Such a circumstance has Fleury firmly as the backup – or at least 1B – option in the Vegas crease. He’ll get his reps in what should be a condensed schedule with plenty of back-to-backs likely, and he is still counting $7M against the cap over the next two seasons, so he’ll see time as well.

However, the Golden Knights will explore every opportunity to get that cap hit – or most of it – off the books over the next couple of seasons with Lehner firmly the top option between the pipes these days, and for good reason.

2020-21 Vegas Golden Knights Predictions

There is plenty working in the Golden Knights’ favor.

Of course, landing the top defenseman on the free agent market – by a landslide – is one of them. Pietrangelo is a massive get for this team and he is sure to fit in just fine in one of the most sound defensive systems in the NHL.

Another factor working in their favor is the general weakness not only within their Pacific Division but the Western Conference as a whole. Not only does the Pacific contain a trio of bottom-feeders in the likes of the Anaheim Ducks, L.A. Kings and San Jose Sharks, but even the once-powerful Central has seemingly lost some of its muscle with the Nashville Predators, Jets, Minnesota Wild and Chicago Blackhawks looking the part of bubble teams, at best. Even the Dallas Stars will miss two crucial players in Tyler Seguin and Ben Bishop for the first half of the 2020-21 season after both underwent the knife recently with five-month recovery timelines for each.

To me, the Avalanche and Blues are the clear-cut top two teams in the Central with the Golden Knights the best team in the Pacific, followed by some combination of the Edmonton Oilers, Calgary Flames, Vancouver Canucks and Arizona Coyotes, although I think regression is to be had in Vancouver.

The Oilers and Flames are the Knights’ biggest challengers, but I view this as a division Vegas could run away with.

Of all the aspects of this roster, only the center ice position is a concern to me. The loss of Stastny could hurt as it’s either the inexperienced Glass or a player in Stephenson who has spent much of his NHL tenure as a left winger as the replacements down the middle on the second line.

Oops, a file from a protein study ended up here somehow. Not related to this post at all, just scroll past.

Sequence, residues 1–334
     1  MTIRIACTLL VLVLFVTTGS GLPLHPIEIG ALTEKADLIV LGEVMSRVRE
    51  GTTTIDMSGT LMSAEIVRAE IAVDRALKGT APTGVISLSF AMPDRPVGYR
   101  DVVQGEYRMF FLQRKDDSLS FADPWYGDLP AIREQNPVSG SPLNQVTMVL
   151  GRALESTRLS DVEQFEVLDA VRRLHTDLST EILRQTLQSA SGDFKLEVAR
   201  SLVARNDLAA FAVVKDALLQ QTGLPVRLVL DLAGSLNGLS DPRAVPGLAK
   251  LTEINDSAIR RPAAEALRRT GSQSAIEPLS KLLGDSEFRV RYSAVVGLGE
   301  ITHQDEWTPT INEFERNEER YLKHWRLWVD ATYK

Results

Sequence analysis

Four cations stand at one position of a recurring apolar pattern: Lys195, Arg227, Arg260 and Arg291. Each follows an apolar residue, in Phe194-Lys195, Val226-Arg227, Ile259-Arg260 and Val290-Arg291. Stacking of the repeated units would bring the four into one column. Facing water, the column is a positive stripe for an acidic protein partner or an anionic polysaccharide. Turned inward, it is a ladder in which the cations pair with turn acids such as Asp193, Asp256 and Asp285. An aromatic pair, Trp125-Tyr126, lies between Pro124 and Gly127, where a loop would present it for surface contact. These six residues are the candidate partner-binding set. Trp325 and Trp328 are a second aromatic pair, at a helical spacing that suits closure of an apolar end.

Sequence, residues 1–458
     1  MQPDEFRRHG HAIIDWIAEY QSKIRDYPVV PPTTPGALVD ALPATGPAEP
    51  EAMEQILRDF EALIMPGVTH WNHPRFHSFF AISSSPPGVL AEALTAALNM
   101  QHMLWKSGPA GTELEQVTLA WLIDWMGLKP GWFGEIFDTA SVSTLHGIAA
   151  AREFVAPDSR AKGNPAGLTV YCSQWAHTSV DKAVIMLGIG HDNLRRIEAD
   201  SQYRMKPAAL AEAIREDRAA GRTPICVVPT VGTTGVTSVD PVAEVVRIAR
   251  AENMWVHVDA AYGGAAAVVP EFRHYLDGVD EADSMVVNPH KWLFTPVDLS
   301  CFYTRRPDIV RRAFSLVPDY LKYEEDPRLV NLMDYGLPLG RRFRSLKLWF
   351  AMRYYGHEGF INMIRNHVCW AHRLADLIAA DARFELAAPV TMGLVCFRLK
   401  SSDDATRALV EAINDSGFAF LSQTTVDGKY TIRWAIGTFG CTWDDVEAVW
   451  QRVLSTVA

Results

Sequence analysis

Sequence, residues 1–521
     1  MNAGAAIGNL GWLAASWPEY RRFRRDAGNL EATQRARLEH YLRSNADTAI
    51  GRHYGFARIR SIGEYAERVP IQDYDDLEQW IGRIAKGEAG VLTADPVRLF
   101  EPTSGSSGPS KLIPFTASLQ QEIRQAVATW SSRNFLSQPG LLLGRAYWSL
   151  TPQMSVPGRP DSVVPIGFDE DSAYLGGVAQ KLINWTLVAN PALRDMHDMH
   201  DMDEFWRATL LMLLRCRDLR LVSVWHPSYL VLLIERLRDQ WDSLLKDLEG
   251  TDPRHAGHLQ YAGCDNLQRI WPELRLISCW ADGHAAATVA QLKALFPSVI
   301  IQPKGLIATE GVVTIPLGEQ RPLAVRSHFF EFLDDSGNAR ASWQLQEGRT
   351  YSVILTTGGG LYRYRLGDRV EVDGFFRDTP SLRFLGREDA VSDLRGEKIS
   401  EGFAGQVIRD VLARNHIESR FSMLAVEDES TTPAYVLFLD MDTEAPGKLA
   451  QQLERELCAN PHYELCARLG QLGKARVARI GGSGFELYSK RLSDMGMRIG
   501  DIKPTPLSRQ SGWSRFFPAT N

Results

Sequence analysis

Pairing whoever earns that spot with Stone makes sense as Stone pretty much replicates what a center does as a 200-foot player. I don’t image that line will miss much of a beat with a sniper in Pacioretty on the other wing.

I believe the Vegas offense should in for similar production next season, all factors considered.

Where I see things improving, on the surface, is the defensive results. Here’s a blueline that could improve it’s excellent defensive metrics with Pietrangelo in two and with a full season – or a full, condensed season – of Lehner, the goals against numbers should be in for significant improvement and I view this as a top-five defense heading towards next season.

Add it up and I think we have our Pacific Division champs here again, and I’ll predict another run to the Western Conference Final with a potential clash with the Colorado Avalanche waiting on the other side. We can flip a coin from there, but this team looks very much the part of a legitimate Stanley Cup threat once again this season, and the odds are proof of that.

READ: 2020-21 Vancouver Canucks Season Preview, Odds & Predictions

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Brenton Kemp / Author

Brenton is a lifelong sports fan who resides in Ontario, Canada. Brenton is a fan of most all sports but specializes in hockey, baseball, football, basketball, and golf. He’s a fierce researcher with a strong appetite to deliver accurate and relevant facts that in turn have led to past success with picks and DFS advice across the board. Brenton’s biggest goal is to deliver readers with the picks and advice that can build their bankroll. He takes great pride in his success and loves nothing more than to share that success for the benefit of everyone involved.